Wow, there was a lot of money talk last week, wasn't there? The winner of the eurolottery jackpot claimed their record £113 million + jackpot and wished to remain anonymous - which of course did nothing to stop the press from trying to winkle them out. They'll become only the 589th richest person in the country. That must say something about the level of personal wealth in the UK. Remember the expression "two a penny" (old money, of course!)?
And then there was the Wayne Rooney story, which ended up with him being offered a contract of something like £250,000 A WEEK to stay at Manchester United for five years. I think that's a total of £65 million (Oops! Almost put billion. £65,000,000). That's just wages - add to that sponsorship deals, Wayne - My Secret Love Story, photos, ads, interviews etc and I imagine you can more than double it. No doubt a cut from that goes to his agent, accountant, bodyguards etc, but even so it sounds a lot of money to be kicking about.
Then Mr Nicholas Clegg assured students that a cap would be put on the tuition fees. Good news - until they heard that it would be £12,000 per annum which would mean a total of £36,000 for a normal three year undergraduate course, and if, like me, you did a PGCE teacher training year, £48,000. That of course is paying for your course. Meanwhile students, being human beings, need to live somewhere and eat something and perhaps wear some clothes. A modest outlay, I'm told, would be about £6,000 p.a.. which would leave you owing £54,000 after 3 years, and £72,000 after 4 years. I heard a government minister telling us that this wasn't technically a debt, as you wouldn't have to start paying back until you earned a living wage and if you didn't finish paying it off before you retired then they'd write it off. I thought that was sheer sophistry. He failed to mention the interest that would be quietly ticking up like a taxi-meter year by year.
Two things strike me about this: one is that a few months ago said Mr Clegg was all for abolishing fees, and now here he and Mr Cable are saddling students with frightening debts. OK, I know - that's politics. The second is more fundamental. We are being told how intolerable the national debt is; that our country can't afford to service it; that the debt culture has been the root of our problems - and yet part of the answer seems to be to compel the younger generation into crippling debt at the beginning of the career. The message seems to be that the government approves of personal debt and, in fact, indirectly is using it to service the national debt.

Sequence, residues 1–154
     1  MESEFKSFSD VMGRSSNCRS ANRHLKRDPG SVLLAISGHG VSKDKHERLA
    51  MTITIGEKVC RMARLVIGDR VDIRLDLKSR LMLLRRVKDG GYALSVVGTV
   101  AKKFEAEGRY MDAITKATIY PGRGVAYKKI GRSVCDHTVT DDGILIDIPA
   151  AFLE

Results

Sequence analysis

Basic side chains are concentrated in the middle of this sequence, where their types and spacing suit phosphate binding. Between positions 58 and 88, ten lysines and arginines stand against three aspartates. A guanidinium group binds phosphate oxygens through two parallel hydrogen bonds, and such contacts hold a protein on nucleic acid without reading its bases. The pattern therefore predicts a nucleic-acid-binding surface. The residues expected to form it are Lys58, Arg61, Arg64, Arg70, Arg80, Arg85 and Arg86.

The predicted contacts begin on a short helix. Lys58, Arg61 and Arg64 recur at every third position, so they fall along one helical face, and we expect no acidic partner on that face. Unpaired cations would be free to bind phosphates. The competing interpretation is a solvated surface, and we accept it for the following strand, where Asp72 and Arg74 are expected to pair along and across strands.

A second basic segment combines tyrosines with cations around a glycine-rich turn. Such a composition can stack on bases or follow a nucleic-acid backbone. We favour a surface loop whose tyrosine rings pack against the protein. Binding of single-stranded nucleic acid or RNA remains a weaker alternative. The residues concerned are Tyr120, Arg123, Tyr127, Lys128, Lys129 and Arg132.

Close to home, someone I love showed me an article by the Times' Personal Finance Editor, Andrew Ellson. I think Newscorp (which owns the paper) supports the government; and so the headline was striking: "Osborne's chainsaw slays the vulnerable". He writes, "Victims of the massacre abound, but among the carnage, a couple of groups stand out for having been particularly cruelly treated. The first is the sick and the disabled. There is little doubt that many who are fit to work languish on disability allowance. Yet the changes announced this week were not an attack on the workshy. We already know that tougher medical examinations will force people off incapacity benefit and on to jobseekers' allowance. But this week Mr Osborne chose to limit the benefits of those who pass the test and are considered genuinely too ill to work. After one year, anyone who is sick or disabled, who has more than £16,000 in savings or whose partner earns more than £150 a week, risks losing the benefit. Some people argue that that is fair enough. They suggest that the state can no longer afford to help those who can help themselves, even if they are disabled. Perhaps. But there is an equally credible argument to say that the £2 billion saving could more reasonably have been found somewhere other than the pockets of the disabled. After all, assets of only £16,000 when you can't work are nothing.... Despite the impression given by Mr Osborne during the speech, the other vulnerable group that could suffer is poorer pensioners. Indeed the decision to discontinue the supplement to the Winter Fuel Allowance next year could cost more lives tan the wars in Iraq and Afghanistan combined" (Times 23.10.10).
It left me wondering about people whose illness or disability has forced them into early retirement before state pension age. Disability Living Allowance may be just the income-boost they depend on. Is that to be taken away if they've got modest savings, tied up maybe in their home?